US Interest in Megrahi and Oil Deals Questioned

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The recent interest in Libyan/UK oil deals shown by four US senators has been questioned by Scottish Government officials.

Last month the Senators implied that Abdelbaset Al Megrahi was released in order to facilitate the signing of oil contracts between BP and Libya and the US Senate convened a hearing into the release.  A US official representing one of the Senators, Sen. Robert Menendez, is visiting Scotland seeking clarification on the issue.


The recent interest in Libyan/UK oil deals shown by four US senators has been questioned by Scottish Government officials.

Last month the Senators implied that Abdelbaset Al Megrahi was released in order to facilitate the signing of oil contracts between BP and Libya, the US Senate convened a hearing into the release.  A US official representing one of the Senators, Sen. Robert Menendez, is visiting Scotland seeking clarification on the issue.

The official will meet with representatives of the Scottish government to discuss the release, however it is understood that no such meeting has been arranged with Kenny MacAskill.  Labour’s Justice Spokesman Richard Baker has welcomed the US visit and is urging the US official to seek Megrahi’s medical records, something that is currently not legally possible without the express permission of the patient.  Labour leader Iain Gray recently claimed that the medical evidence was “flawed”.

A spokesman for First Minister Alex Salmond queried the “recent” US interest in the issue pointing out that the original deal in the desert, exposed by the SNP, had elicited no such concerns from the Senators.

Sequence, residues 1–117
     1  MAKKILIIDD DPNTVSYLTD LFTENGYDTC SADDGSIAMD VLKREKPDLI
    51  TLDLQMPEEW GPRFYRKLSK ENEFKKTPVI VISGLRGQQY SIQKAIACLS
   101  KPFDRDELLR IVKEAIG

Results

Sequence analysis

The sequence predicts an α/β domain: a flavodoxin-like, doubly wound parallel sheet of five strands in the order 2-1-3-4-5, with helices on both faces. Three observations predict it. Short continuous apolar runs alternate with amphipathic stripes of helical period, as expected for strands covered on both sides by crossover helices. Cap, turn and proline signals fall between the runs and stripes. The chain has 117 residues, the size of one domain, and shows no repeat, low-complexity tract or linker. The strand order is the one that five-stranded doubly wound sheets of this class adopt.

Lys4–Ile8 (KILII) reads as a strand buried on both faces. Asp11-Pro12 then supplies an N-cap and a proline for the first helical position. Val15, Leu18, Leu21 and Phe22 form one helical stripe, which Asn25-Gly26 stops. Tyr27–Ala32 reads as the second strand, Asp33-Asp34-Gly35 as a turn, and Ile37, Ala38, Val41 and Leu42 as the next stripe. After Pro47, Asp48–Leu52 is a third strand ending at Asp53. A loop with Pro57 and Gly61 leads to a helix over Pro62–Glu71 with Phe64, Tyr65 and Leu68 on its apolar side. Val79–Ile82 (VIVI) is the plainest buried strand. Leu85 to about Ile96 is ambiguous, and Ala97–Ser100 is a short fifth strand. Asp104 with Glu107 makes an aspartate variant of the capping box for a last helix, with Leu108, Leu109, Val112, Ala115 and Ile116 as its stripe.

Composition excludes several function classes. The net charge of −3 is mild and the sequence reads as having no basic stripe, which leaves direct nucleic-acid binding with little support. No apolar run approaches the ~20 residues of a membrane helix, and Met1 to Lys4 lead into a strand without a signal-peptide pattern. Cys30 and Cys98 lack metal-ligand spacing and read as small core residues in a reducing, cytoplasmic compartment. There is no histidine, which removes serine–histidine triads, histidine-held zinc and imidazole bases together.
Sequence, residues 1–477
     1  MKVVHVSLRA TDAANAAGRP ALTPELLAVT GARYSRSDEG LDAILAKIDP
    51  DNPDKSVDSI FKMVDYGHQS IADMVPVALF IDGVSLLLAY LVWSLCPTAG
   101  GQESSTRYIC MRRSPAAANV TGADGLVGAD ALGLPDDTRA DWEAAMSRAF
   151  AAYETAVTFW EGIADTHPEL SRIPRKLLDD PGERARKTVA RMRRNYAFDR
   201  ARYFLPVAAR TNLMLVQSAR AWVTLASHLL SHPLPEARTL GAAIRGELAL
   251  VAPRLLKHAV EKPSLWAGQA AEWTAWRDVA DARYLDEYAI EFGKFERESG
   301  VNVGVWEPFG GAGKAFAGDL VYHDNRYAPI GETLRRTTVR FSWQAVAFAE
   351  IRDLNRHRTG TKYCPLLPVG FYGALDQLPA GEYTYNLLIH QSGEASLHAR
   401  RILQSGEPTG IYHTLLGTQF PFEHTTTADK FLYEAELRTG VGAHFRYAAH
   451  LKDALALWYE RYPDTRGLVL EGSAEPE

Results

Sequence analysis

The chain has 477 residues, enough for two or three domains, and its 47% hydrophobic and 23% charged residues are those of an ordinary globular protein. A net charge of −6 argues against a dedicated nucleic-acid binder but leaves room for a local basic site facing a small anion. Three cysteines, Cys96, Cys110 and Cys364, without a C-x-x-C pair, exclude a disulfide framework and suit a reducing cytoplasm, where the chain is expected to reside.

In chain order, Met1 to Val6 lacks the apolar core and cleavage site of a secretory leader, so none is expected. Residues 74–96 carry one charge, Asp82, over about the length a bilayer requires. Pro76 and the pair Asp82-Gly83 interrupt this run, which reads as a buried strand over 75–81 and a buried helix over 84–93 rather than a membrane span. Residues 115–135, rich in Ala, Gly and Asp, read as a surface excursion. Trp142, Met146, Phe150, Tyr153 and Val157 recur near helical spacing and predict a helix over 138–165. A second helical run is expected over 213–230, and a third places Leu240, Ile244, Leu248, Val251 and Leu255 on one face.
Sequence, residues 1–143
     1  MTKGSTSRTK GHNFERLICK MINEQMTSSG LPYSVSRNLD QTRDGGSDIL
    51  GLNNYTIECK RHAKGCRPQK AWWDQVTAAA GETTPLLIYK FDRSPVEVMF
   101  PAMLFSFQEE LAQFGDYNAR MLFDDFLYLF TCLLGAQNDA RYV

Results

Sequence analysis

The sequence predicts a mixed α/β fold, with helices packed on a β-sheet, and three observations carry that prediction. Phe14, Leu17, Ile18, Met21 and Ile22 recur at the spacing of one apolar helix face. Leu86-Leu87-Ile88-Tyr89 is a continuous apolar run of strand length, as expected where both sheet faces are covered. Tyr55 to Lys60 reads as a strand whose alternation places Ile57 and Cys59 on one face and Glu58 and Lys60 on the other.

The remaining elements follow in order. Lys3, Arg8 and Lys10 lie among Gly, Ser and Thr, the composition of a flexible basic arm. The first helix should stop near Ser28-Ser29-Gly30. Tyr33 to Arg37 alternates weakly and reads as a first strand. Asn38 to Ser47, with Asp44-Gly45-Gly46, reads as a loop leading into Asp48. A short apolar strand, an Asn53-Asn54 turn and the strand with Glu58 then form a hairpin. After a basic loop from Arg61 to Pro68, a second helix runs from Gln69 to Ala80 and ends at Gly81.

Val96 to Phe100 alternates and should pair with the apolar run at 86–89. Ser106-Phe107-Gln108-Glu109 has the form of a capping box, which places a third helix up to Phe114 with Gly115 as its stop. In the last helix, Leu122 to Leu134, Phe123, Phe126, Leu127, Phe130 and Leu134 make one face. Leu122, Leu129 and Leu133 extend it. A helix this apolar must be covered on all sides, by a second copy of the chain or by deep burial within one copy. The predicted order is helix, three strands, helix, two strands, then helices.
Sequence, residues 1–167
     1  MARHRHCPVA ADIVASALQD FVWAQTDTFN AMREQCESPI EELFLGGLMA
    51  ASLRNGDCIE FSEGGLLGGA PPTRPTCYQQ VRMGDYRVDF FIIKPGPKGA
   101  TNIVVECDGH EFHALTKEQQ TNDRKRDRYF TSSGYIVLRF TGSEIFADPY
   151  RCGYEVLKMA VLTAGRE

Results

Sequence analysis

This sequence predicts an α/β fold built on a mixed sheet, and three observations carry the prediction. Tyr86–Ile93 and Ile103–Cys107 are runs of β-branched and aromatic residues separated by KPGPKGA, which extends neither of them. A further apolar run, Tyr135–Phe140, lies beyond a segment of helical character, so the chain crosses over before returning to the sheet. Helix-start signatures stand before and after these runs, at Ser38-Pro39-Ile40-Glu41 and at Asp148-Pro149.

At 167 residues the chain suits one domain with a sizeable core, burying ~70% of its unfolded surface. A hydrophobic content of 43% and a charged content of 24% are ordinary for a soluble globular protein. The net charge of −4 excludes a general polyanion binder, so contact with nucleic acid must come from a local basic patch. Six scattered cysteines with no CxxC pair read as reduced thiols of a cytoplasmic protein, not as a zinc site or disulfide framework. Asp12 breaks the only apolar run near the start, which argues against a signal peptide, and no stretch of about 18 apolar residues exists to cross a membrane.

The secret meeting in 2007 between then Labour leader and PM Tony Blair and Col Gadaffi had negotiated a prisoner transfer agreement that would have allowed Al Megrahi to return to Libya.  An oil contract was signed between Libya and BP that same day.

Mr Salmond’s spokesman said: “It was the first minister who revealed to the world that the UK government and the Libyan government were planning or negotiating a prisoner transfer agreement clearly with the specific purpose of al-Megrahi being transferred to Libya.

“We’ve looked at all the records and asked the senators for them to furnish us with any public comment they issued at that time – there was no public comment.

“Senator Menendez and his colleagues’ interest in the matter certainly seems to have waxed and waned.

“It seemed to be non-existent at the time when it was revealed to the world there was this ‘deal in the desert’.”

The secret deal was exposed by the Scottish Government soon after it took place and although the then Labour government at first denied that Megrahi was included in the negotiations, it transpired that in fact he had been.  Subsequent revelations revealed that BP had also lobbied the Labour government to speed up the signing of the PTA agreement.

Labour official John McTernan, an advisor to Tony Blair at the time of the secret desert meeting, recently claimed that Megrahi had been ‘offered’ to the Libyans as a ‘reward’ for Libya’s dismantling of their nuclear weapons facilities.

The First Minister has repeatedly explained to the Americans that there was no commercial interests involved in the decision to release Al Megrahi who was allowed to return home having contracted terminal cancer.  Justice Minister Kenny MacAskill explained at the time that a medical report based on the views of NHS specialists determined that a three month prognosis was a reasonable estimate for life expectancy.  Mr MacAskill stressed that the three months was only an estimate and that Mr Megrahi could live longer or die sooner.  In fact Mr Megrahi has survived a year.

There is a growing body of feeling that Al Megrahi was in fact wrongfully convicted of the bombing.  Moves are afoot to try to have an inquiry into the original trial verdict and there have been calls for the new evidence, recently uncovered by the Scottish Criminal Cases Review Commission and casting doubt on Megrahi’s conviction, to be published.